If we don’t speak up now, the days when we can walk around with our heads held high without fear of surveillance are numbered. Federal and local law enforcement across the country are adopting sophisticated facial recognition technologies to identify us on the streets and in social media by matching our faces to massive databases.
Having for years enforced a constitutionally offensive border search regime at physical borders and U.S. international airports, Customs and Border Protection (CBP) recently proposed to expand its violations in troubling new ways by prompting travelers from countries on the State Department’s Visa Waiver Program list to provide their “social media identifier.”
With a new school year underway, concerns about student privacy are at the forefront of parents’ and students’ minds. The Student Privacy Pledge, which recently topped 300 signatories and reached its two-year launch anniversary, is at the center of discussions about how to make sure tech and education companies protect students and their information. A voluntary effort led by the Future of Privacy Forum and the Software and Information Industry Association (SIAA), the Pledge holds the edtech companies who sign it to a set of commitments intended to protect student privacy.
Since the Trans-Pacific Partnership Agreement (TPP) was signed and its text released earlier this year, preventing the passage of that agreement through Congress during its upcoming lame duck session has become a top priority. But there's another secretive trade agreement lurking out of sight and out of mind, which is also scheduled for completion this year: the Trade in Services Agreement or TISA, which contains many provisions that are a virtual copy-and-paste out of the TPP's Electronic Commerce chapter.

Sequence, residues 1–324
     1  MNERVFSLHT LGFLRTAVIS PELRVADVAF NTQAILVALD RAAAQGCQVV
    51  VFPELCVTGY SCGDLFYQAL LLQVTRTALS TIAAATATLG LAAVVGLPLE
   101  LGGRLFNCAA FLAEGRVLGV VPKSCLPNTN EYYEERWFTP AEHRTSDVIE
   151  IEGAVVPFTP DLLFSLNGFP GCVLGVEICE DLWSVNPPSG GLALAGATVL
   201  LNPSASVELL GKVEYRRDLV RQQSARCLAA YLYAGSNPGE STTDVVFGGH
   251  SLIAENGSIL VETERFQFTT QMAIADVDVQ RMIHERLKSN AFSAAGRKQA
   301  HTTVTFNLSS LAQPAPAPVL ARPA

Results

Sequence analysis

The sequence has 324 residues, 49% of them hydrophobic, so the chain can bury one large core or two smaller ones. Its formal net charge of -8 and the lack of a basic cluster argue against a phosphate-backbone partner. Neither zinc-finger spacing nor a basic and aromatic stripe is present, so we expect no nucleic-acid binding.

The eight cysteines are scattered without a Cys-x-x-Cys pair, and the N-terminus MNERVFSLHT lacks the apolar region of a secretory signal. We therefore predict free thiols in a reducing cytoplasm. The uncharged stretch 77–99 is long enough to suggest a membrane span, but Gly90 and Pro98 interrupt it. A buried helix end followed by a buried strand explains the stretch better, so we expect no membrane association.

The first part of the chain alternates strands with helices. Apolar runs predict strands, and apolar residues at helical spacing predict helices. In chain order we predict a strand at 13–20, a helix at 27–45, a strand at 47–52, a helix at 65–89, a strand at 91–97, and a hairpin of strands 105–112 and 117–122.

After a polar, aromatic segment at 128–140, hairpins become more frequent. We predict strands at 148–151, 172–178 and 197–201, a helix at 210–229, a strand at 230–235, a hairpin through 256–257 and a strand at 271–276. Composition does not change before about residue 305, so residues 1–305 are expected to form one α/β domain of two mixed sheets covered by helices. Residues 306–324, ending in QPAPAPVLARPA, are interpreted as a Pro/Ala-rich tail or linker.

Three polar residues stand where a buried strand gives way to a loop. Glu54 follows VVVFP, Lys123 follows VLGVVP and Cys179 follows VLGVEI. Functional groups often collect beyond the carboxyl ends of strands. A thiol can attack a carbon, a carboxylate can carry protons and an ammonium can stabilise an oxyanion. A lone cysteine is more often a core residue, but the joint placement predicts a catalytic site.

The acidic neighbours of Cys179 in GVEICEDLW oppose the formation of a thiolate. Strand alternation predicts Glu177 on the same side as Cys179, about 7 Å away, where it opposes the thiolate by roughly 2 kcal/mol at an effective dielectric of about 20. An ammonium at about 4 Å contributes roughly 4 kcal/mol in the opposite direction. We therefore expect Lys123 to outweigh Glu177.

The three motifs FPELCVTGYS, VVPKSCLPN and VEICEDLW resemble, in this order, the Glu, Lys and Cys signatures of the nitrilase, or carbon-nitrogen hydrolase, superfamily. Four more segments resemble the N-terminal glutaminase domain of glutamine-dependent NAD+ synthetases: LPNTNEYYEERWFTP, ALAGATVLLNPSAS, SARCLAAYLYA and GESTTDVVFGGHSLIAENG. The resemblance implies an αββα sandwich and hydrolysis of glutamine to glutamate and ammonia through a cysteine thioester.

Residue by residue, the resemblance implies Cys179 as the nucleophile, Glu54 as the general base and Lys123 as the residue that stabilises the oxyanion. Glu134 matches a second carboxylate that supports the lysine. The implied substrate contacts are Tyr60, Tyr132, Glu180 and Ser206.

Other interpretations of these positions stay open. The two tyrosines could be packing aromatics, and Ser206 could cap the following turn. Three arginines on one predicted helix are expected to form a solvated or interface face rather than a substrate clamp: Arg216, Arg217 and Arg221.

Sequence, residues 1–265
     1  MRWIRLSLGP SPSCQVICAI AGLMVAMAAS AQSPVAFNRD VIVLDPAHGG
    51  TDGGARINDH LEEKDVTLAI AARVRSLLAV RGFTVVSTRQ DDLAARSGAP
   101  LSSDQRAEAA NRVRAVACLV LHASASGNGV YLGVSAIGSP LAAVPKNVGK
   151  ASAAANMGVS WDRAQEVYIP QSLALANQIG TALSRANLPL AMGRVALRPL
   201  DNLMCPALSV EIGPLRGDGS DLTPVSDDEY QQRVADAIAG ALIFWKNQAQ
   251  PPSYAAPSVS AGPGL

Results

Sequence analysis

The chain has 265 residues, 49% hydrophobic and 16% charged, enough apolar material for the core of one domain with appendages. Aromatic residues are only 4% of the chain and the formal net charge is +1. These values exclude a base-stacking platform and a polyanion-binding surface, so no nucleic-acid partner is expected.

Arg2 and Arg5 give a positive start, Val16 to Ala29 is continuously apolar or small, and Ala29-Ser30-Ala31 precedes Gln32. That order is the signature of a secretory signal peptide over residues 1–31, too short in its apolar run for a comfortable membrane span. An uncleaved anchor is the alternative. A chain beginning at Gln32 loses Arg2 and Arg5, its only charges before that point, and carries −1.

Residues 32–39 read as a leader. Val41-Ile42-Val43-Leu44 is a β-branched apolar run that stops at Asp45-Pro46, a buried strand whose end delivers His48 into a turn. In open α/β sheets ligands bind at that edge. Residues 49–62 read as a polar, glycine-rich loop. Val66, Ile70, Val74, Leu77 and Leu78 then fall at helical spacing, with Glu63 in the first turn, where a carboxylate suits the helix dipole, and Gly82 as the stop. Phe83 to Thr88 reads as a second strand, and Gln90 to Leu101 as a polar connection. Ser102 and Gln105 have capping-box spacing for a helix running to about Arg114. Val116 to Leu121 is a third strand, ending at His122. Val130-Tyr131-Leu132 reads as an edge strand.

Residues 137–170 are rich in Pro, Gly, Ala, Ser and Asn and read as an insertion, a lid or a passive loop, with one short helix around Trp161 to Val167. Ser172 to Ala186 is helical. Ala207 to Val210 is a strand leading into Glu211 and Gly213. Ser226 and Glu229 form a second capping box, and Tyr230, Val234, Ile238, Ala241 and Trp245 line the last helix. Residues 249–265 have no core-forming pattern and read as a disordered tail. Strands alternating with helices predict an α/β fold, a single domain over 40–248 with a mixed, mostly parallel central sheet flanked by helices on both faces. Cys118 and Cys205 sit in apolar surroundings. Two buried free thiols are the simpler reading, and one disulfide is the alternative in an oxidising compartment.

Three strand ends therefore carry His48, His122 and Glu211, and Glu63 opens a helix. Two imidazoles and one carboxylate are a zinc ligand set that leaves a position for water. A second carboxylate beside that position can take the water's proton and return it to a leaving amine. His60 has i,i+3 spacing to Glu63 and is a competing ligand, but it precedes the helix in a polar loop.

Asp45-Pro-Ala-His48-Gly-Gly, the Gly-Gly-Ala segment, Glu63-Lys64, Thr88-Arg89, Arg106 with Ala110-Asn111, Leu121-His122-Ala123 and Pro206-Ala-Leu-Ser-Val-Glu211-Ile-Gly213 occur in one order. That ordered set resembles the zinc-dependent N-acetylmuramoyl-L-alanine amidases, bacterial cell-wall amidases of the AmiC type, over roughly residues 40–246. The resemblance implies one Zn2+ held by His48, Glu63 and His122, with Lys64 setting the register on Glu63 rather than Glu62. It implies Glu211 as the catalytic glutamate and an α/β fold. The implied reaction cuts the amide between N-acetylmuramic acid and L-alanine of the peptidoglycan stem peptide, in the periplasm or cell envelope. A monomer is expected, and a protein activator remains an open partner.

Open access is the practice of making research and other materials freely available online, ideally under licenses that allow anyone to share and adapt them. By removing barriers like subscription fees or institutional connections, open access publishing lets more people participate in science and culture.
There are events and workshops on open access taking place all over the world this week. Find out what’s going on in your area and get involved!
Check back all week for new #OAWeek content from EFF. We’ll update this list with links to new posts:
Publicly Funded Research Should Be Open to the Public
When the public pays for research, the public should have free access to that research. You shouldn’t have to buy expensive journal subscriptions or academic database access in order to read research that was paid for with federal funding. That’s the simple premise of FASTR, the Fair Access to Science and Technology Research Act (S. 779, H.R. 1477). As we near the end of the 2015-16 session of Congress, the clock is ticking for FASTR.
Months of aggressive lobbying by the MPAA and its allies at the Copyright Office gave them the result they desired
Update: a timeline of events based on the Copyright Office e-mails is here.
In the current debate over cable set-top box competition, content and cable industries worked together to oppose regulation that could potentially weaken their control over personal TV hardware and software. We were surprised, though, to see the U.S. Copyright Office echoing Hollywood’s flawed legal arguments.